When Jon Whitefield bought his one-bedroom flat in Croydon, South London, for £220,000 four years ago, he knew it urgently needed updating.
Like many first-time buyers scraping on to the housing ladder, he had to buy a ‘doer-upper’ — and the flat had no boiler or central heating system.
So the 37-year-old construction worker spent the next six months and £15,000 of his savings putting in a new kitchen, bathroom and flooring, and having the walls painted and tiled. He also installed a new gas boiler at a cost of £3,000.
Anxious times: Jon Whitefield has been told the gas supply to his one-bedroom flat in Croydon, might be cut off due to damaged pipework
All told, Jon, who is single, ended up spending most of the savings pot he had built up since he was 16 on the renovations. But now he faces having to rip out almost all of it — and start again.
For in a letter seen by Money Mail and sent to all 35 residents in Jon’s block of flats, the company that pipes gas into the building has threatened to cut off the supply entirely.
The firm, SGN, doesn’t think it is worth replacing one of the damaged pipes supplying the 1970s block because so few of Jon’s fellow residents use gas.
Just three in ten of the flats use gas, with the rest relying solely on electric power for heating and cooking.
SGN says replacing the damaged pipe and necessary upgrades to others showing wear and tear would cost £60,000.
Yet shutting off the gas entirely will render Jon’s boiler useless and mean his radiators, pipes and gas oven all need replacing.
Even though his costs will run into many thousands of pounds, SGN has offered him just £500 — a sum Jon describes as ‘insulting’.
‘I spent a long time bringing the property together the way I wanted it,’ he says, ‘and I was looking forward to enjoying the fruits of my labour.
‘I don’t think they understand just how much work it will be for me to move to electric. I refuse to accept what SGN is doing.’
SGN has asked Jon to send two quotes for boiler replacement and installation fees, which it will ‘review’. But consumer experts say SGN may be able to cut him off without his consent if it deems the gas supply unsafe.
Under net zero targets, by 2025 no new-build homes will have gas boilers installed. Instead, they will have eco-friendly devices such as heat pumps or electrically powered boilers
His story may offer an alarming glimpse into the future as households in Britain are steered away from gas boilers in order to reduce carbon emissions.
Under net zero targets, by 2025 no new-build homes will have gas boilers installed. Instead, they will have eco-friendly devices such as heat pumps or electrically powered boilers.
The Government is encouraging all households to switch to more eco-friendly options if they can.
SGN says it has run ‘buyout schemes’ to remove gas from 74 buildings in the past two years. A buyout scheme is where residents are offered money in exchange for the gas supply being switched off.
The distributor first wrote to residents in Jon’s building to discuss the proposal in August.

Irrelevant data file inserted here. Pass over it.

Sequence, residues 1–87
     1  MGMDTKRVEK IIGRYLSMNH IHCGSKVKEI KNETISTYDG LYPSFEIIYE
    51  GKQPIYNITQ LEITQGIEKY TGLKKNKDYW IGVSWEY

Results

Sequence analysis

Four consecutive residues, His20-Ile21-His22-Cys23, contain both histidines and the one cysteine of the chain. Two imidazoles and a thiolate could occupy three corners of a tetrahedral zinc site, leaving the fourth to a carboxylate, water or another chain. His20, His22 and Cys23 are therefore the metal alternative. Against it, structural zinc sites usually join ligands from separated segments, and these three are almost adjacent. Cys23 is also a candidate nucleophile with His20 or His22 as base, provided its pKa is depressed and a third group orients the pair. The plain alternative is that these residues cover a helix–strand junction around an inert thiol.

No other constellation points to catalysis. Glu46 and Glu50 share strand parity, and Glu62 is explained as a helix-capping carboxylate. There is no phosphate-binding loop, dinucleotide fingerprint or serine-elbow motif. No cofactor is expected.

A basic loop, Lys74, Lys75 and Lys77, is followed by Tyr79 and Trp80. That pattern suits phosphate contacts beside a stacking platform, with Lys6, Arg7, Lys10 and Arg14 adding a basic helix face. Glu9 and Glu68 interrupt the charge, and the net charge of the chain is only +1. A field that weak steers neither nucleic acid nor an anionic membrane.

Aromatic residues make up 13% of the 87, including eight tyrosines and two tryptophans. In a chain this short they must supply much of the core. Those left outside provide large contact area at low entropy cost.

The letter read: ‘It has been identified that the gas pipes supplying your block of flats need to be replaced.
However, we have found there are a limited number of residents in the building using gas.
Because of this and to avoid the disruption that replacement work would cause for all residents, we request your agreement to permanently isolate the gas supplies.’
Green energy: Households in Britain are steered away from gas boilers in order to reduce carbon emissions
SGN says the building’s owners had raised concerns about how the property would look if the necessary renovations went ahead to keep it connected to gas supply.
The work would require external pipework to be fitted.
Jon, who owns the flat as a leaseholder, says: ‘I have one neighbour who I’ve been chatting to about this and he is also refusing to let it happen. SGN haven’t explained themselves or made anything clear. It is callous.’
Jon has ignored the letter, as he has no interest in giving SGN permission to go ahead.
SGN insists that its buyout process involves getting written agreement from the building owner, leaseholders and customers. Without this consent, it will not go ahead. It sent out another letter this month.
Bradley Barlow, a spokesman for SGN, says: ‘Our buyout process is a proposal to disconnect the gas supply and involves providing the option to all residents to permanently isolate their gas supply, providing compensation to switch their gas appliances to electric and cover the work required for the conversion.
‘£500 is offered to all customers but we are able to increase this amount if the cost of conversion is higher, subject to evidence being provided to show the reason for the additional cost.’
That will leave Jon with a battle to obtain what he believes to be the right level of compensation.
SGN adds that it could push ahead with the buyout if it finds it is the only safe, compliant option.
Consumer champion Martyn James says: ‘Ultimately, the gas distributor is contracted by the property management company, so the residents might have no choice.
He says if you find yourself in this situation, the first thing to do would be to arrange a residents’ meeting and discuss the issue with others in the building.
‘From there, it might be worth lodging a complaint,’ he adds.